The transition to the MURS service has not been well publicized and some radio dealers may insist that you have a license in order to sell you - or reprogram - a radio. The reference in the Federal Regulatory Code which authorizes the unlicensed MURS is 47 CFR 95.1301.

The Radios

It seems like the MURS service, featuring radios with good range while requiring no license, would be a popular service. Currently, we seem to be stuck at the transition between licensed (BRS) service and the new MURS service. As a result, radios may seem somewhat more expensive than before and harder to locate. The marketplace seems to be responding to the new service and at least three credible models are now available.

"For the radio neophyte, I would suggest that you not purchase a radio unless the seller is willing to set it up on blue dot or blue dot/green dot with no privacy codes."

Because the radios commonly used for this service are normally associated with business band use, they are built to a higher level of quality than many other services. Consequently, they cost more. However, the return in durability is advantageous. Motorola, a high-grade manufacturer of professional radios, has historically been one of the most popular brands in field trial usage. Perhaps this dates back to David Bailey's original selection. Motorola radios are also fairly easy to locate. The family of Motorola radios that is most often seen at trials is the discontinued Motorola Spirit. The radio was even available in blaze orange!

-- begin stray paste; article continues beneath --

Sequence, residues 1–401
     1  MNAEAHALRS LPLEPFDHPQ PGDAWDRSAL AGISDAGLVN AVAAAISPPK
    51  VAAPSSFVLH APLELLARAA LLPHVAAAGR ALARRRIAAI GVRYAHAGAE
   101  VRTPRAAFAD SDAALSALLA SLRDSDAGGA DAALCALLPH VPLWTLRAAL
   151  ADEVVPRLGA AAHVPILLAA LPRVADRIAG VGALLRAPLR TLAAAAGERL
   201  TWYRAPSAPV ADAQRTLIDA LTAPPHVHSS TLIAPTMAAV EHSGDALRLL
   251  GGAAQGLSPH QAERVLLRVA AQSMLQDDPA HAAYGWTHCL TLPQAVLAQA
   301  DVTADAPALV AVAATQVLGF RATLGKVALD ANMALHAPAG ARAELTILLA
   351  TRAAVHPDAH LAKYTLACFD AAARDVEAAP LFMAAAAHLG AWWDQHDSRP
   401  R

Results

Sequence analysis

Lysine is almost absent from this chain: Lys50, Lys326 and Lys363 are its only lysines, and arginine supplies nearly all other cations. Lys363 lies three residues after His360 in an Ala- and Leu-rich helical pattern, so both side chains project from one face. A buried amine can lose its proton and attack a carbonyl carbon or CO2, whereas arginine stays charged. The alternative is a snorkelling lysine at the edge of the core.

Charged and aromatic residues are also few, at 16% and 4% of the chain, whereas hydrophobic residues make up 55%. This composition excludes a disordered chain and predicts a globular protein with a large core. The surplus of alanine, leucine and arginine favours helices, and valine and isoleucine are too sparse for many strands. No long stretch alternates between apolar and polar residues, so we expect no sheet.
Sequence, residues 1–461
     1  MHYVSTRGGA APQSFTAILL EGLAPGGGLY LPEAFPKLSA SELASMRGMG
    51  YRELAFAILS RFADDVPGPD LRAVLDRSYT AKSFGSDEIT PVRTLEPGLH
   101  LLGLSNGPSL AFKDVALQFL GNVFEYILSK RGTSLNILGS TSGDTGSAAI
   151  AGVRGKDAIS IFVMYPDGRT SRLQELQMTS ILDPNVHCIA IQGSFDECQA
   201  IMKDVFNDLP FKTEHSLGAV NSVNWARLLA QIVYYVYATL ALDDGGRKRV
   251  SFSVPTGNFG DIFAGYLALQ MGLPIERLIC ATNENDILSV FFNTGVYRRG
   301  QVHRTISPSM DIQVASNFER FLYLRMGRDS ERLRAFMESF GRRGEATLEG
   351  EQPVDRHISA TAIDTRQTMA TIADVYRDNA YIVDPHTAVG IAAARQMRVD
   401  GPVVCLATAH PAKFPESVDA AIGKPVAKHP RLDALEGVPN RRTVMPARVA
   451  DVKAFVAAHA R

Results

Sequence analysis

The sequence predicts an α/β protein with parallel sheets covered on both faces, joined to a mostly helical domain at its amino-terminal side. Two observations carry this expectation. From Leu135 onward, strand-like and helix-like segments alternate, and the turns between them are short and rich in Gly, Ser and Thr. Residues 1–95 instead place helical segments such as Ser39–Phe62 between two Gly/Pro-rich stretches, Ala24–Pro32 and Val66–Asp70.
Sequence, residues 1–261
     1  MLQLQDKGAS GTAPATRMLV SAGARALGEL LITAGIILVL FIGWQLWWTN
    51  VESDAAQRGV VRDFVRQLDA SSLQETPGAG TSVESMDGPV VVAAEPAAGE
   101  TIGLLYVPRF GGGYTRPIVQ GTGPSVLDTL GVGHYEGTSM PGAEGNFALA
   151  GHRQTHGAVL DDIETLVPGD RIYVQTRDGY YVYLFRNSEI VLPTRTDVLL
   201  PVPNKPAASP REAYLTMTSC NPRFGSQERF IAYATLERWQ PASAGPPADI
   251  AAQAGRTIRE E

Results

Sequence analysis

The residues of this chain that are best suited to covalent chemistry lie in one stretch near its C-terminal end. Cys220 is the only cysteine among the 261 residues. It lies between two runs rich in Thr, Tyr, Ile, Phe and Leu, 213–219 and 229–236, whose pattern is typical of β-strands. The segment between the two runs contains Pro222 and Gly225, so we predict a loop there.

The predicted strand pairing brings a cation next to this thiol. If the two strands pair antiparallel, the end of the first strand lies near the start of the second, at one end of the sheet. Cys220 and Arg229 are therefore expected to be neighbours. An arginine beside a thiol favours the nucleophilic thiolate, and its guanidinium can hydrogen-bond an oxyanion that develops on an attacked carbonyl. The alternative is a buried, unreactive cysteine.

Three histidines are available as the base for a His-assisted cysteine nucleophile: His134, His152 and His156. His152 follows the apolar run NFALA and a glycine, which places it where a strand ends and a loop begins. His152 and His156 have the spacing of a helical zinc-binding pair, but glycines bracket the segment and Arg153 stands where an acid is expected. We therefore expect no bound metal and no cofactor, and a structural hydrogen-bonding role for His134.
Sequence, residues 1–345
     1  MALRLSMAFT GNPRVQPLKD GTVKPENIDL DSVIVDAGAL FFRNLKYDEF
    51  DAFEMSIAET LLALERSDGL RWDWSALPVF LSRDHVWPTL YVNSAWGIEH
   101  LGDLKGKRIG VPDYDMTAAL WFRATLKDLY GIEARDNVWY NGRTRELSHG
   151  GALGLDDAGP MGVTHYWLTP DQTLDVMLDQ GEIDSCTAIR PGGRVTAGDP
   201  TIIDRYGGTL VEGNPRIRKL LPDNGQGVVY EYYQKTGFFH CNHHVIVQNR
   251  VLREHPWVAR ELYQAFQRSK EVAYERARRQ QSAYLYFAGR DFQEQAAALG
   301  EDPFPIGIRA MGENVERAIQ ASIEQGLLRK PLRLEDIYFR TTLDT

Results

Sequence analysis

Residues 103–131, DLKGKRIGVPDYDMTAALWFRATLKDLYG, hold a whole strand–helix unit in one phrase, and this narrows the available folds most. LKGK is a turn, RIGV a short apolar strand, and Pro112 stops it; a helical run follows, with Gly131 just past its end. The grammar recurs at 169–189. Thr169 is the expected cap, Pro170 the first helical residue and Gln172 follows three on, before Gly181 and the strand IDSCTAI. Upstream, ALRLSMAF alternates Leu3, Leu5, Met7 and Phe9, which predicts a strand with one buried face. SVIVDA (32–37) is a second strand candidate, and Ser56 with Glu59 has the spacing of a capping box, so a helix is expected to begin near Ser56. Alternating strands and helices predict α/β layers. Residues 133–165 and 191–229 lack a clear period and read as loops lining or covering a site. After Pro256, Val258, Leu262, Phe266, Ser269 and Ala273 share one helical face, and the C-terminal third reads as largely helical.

The Motorola Spirit series has been discontinued. Perhaps the best choice among current Motorola units is the Radius CP-150-V04 four channel unit, which can be obtained on blue dot - plus green dot and two others - for about $280 from your Motorola dealer. This is a high-quality unit and should give years of trouble free service. The accessories are pricey. The less expensive XTN series XV2100 is a single channel two watt unit (the XV1100 is a one-watt unit) with a different marketing scheme. Used Motorola Radius CT-100's may also be a good option.

Bringing up a close second in usage are the now discontinued Radio Shack radios. At one time, Radio Shack even marketed and co-branded the one watt Motorola Spirit unit. I might mention that while one watt units generally have better battery life, the trade off is reduced range. One watt units are not recommended for marshalling use. Handlers who seldom transmit may find the one watt unit acceptable... that is, unless thay are late to the line and need to alert the marshall.